Six Steps to “Now Care Planning”
“Now Care Planning” is for patients who want a peaceful, timely dying, but who:
(A) Have already reached the advanced stage of dementia;
(B) Depend on another’s hand to put food and fluid in their mouth; and,
(C) Have lost mental capacity so they cannot either complete a new living will or revise their existing living will that is not adequate and/or not effective.
Defining what makes living wills adequate and effective:
A living will is adequate if it clearly informs future physicians and others precisely “when” patients would want others to allow them to die of their underlying disease.
A living will is effective if (i) the intervention it offers (its “what”) can allow patients to have a private, peaceful, and timely dying, and if (ii) physicians and other authorities can view the intervention as acceptable.
Unfortunately, few living wills meet these criteria and the results can be sad. Loved ones may feel helpless for years as they watch patients endure prolonged dying with possible suffering.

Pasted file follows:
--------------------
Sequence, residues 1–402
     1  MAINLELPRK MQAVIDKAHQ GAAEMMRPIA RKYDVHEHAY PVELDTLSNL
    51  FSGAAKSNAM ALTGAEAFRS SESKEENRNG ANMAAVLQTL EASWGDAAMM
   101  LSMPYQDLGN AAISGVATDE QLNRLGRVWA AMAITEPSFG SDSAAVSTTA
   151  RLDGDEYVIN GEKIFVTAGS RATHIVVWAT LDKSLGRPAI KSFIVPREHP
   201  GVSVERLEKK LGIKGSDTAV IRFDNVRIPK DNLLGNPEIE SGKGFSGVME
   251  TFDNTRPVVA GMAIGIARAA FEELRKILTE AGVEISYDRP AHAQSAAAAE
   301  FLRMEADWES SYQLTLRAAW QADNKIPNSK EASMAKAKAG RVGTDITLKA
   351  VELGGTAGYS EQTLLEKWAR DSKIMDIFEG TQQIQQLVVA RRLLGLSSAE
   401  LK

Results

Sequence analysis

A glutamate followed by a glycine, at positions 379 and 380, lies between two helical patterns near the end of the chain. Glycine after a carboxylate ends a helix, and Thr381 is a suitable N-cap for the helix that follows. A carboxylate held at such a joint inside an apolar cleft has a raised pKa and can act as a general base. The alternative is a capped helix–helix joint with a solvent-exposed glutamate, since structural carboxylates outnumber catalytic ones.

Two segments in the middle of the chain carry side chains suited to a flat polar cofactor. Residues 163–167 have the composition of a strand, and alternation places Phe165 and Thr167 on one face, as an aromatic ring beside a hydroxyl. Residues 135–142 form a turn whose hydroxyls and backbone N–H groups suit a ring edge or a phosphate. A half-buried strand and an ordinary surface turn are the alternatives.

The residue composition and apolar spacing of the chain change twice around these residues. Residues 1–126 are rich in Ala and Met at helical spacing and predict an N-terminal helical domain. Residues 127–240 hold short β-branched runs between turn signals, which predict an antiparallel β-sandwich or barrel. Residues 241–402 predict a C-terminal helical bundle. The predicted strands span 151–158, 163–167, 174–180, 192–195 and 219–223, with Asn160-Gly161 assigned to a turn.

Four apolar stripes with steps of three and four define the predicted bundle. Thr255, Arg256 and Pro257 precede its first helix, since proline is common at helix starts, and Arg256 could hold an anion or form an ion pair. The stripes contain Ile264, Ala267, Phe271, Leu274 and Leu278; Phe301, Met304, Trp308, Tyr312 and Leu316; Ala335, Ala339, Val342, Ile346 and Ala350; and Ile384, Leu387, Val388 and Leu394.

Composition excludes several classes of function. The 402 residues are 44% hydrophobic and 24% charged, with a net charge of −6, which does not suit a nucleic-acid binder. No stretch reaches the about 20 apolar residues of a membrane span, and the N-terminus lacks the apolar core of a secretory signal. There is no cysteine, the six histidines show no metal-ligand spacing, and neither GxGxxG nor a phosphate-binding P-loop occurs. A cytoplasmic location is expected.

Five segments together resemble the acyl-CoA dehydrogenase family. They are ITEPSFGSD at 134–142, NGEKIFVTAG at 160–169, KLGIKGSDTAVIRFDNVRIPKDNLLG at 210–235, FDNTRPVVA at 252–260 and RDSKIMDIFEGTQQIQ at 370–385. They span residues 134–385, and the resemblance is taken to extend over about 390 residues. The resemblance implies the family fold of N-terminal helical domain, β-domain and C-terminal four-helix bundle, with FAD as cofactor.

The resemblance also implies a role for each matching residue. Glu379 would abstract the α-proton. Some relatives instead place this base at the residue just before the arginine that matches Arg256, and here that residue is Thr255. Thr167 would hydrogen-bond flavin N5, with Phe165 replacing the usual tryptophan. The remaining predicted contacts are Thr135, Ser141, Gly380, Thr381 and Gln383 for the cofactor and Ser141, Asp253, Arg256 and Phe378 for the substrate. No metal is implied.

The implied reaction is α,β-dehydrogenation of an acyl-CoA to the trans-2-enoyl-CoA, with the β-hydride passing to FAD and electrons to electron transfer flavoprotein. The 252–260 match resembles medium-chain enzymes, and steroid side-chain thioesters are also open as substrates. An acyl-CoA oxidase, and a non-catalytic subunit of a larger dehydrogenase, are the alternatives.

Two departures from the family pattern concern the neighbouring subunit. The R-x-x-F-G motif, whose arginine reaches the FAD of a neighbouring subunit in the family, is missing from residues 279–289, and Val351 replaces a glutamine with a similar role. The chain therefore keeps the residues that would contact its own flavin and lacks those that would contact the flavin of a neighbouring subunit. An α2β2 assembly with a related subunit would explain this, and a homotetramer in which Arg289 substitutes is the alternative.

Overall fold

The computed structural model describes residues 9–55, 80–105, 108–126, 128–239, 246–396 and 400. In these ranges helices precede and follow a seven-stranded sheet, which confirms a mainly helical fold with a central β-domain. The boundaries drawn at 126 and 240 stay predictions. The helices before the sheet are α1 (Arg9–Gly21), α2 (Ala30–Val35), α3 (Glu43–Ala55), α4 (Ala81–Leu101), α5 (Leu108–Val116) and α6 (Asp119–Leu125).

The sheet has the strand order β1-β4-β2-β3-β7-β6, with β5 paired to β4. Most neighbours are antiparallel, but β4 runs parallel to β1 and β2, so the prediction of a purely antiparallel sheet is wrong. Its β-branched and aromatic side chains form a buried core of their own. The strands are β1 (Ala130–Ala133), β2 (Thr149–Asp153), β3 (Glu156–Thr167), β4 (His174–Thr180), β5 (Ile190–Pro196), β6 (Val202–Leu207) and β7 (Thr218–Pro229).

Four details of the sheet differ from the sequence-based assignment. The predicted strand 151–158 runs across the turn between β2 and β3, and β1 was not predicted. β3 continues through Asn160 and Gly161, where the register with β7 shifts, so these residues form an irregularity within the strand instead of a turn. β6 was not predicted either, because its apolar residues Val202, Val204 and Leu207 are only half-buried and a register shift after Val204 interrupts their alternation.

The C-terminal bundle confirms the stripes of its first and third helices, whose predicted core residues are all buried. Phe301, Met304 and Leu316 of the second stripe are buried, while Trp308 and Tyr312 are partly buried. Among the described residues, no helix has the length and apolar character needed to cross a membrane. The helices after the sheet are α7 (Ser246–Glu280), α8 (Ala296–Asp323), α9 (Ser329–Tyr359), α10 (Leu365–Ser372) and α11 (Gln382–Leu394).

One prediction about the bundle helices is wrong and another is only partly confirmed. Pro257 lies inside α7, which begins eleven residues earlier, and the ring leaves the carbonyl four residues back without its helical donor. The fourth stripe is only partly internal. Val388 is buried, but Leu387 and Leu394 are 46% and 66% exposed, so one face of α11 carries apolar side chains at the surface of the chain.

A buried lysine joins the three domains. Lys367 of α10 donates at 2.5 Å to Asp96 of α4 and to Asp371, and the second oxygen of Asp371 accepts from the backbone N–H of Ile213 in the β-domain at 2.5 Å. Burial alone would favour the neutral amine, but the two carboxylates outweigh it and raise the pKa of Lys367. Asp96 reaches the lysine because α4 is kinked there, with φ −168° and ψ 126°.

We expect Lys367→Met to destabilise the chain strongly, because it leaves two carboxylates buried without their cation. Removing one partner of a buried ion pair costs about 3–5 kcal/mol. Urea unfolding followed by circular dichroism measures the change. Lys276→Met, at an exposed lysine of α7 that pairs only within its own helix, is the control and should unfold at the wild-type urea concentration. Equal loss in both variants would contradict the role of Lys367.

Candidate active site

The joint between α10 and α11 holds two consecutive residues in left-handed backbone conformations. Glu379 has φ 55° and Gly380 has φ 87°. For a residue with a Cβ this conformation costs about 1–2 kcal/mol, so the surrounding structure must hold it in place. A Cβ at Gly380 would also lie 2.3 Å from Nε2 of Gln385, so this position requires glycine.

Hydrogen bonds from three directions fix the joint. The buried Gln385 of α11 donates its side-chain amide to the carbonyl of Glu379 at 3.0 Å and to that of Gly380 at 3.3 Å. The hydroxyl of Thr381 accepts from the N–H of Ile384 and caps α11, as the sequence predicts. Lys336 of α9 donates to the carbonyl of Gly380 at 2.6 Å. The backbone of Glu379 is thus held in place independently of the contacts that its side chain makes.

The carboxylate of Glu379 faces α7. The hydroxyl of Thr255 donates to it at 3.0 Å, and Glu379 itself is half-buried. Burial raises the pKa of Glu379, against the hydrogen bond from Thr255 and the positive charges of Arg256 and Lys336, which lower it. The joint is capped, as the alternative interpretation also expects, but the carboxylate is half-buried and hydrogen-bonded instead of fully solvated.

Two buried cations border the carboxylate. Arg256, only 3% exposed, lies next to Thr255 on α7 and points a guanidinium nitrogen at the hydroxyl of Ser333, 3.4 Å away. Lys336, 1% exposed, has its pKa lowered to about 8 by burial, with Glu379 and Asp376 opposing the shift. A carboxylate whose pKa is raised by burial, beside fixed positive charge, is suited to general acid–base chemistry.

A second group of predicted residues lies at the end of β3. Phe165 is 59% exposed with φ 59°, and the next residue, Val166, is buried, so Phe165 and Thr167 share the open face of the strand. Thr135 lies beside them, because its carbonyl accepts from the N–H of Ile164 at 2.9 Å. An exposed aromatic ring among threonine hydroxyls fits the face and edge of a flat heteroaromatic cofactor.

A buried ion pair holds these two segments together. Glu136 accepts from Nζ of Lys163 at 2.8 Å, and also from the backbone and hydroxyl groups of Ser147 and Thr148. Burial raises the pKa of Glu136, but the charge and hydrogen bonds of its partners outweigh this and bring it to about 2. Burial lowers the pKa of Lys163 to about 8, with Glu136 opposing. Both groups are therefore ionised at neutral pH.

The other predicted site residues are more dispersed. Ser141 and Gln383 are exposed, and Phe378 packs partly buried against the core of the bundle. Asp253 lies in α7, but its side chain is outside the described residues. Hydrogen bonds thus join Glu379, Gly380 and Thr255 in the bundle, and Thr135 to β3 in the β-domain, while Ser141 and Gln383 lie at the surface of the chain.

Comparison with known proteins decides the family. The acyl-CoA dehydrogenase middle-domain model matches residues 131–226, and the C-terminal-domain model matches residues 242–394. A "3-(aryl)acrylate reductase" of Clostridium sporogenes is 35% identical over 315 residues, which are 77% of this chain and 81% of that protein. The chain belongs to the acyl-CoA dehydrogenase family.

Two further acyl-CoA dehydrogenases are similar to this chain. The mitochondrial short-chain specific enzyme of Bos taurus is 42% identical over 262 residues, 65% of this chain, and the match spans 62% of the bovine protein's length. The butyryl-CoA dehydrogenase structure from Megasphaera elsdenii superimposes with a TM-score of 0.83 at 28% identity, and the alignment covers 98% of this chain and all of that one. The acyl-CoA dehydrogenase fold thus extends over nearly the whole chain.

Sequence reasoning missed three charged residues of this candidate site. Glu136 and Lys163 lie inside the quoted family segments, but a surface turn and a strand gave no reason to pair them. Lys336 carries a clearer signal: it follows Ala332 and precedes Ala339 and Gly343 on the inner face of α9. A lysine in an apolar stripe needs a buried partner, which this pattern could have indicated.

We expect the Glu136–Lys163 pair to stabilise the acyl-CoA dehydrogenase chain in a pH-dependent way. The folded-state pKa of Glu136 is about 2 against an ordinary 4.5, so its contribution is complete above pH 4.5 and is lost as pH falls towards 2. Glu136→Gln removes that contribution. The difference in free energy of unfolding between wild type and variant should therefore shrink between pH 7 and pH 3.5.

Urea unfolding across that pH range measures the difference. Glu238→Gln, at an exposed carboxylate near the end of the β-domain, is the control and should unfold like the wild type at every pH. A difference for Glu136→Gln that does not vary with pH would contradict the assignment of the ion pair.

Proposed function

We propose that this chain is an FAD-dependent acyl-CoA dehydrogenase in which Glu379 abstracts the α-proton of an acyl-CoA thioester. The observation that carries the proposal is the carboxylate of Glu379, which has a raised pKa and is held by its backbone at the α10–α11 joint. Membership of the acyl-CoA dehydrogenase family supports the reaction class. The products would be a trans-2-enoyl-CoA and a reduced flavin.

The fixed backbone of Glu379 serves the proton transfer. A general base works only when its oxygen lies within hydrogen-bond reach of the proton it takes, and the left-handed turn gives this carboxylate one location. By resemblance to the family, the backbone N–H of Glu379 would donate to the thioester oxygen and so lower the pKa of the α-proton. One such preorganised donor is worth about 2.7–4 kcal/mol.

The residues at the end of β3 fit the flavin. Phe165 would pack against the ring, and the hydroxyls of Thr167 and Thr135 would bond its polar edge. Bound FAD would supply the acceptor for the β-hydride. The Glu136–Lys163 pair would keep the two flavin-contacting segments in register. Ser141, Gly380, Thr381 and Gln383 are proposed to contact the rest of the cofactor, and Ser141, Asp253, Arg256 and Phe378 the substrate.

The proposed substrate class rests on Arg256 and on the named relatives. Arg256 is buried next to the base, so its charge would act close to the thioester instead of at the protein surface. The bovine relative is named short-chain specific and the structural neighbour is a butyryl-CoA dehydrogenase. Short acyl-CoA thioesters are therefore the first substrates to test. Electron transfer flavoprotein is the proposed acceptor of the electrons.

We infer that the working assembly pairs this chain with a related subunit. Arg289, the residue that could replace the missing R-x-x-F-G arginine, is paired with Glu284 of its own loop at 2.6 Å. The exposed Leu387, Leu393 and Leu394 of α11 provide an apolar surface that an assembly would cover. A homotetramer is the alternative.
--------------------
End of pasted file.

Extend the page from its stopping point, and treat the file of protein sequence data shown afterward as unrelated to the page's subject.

These Six Steps expand the traditional protocol of Substituted Judgment, which is widely accepted as legal and ethical. The “Now Care Planning” Protocol strives to present robust data and convincing arguments to treating physicians. It also includes several layers of safeguards designed to prevent premature dying. A counseling healthcare provider is required to guide the legally designated currently active proxy/agent and two or more proxy/agent alternates and possibly concerned others through the Protocol. The intermediate goal is to make the same treatment decisions patients would have made—if patients had been asked when they still possessed decision—making capacity to judge if their present condition would cause “severe enough suffering.”
The ultimate goal is to convince a physician to write the orders for Natural Dying so the patient can avoid a prolonged dying with severe suffering by having a private, peaceful, and timely dying that is based on their values.
Step 1: Do concerned individuals who know the patient’s values, think the patient qualifies for “Now Care Planning”? Are these individuals legally and clinically qualified to serve as members of a new patient’s Decision Committee? Are they willing to give their informed consent to serve?
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Click to Continue to Read How Each of the Six Steps Works,
How it can Benefit Your Loved One, and Why it is Unique...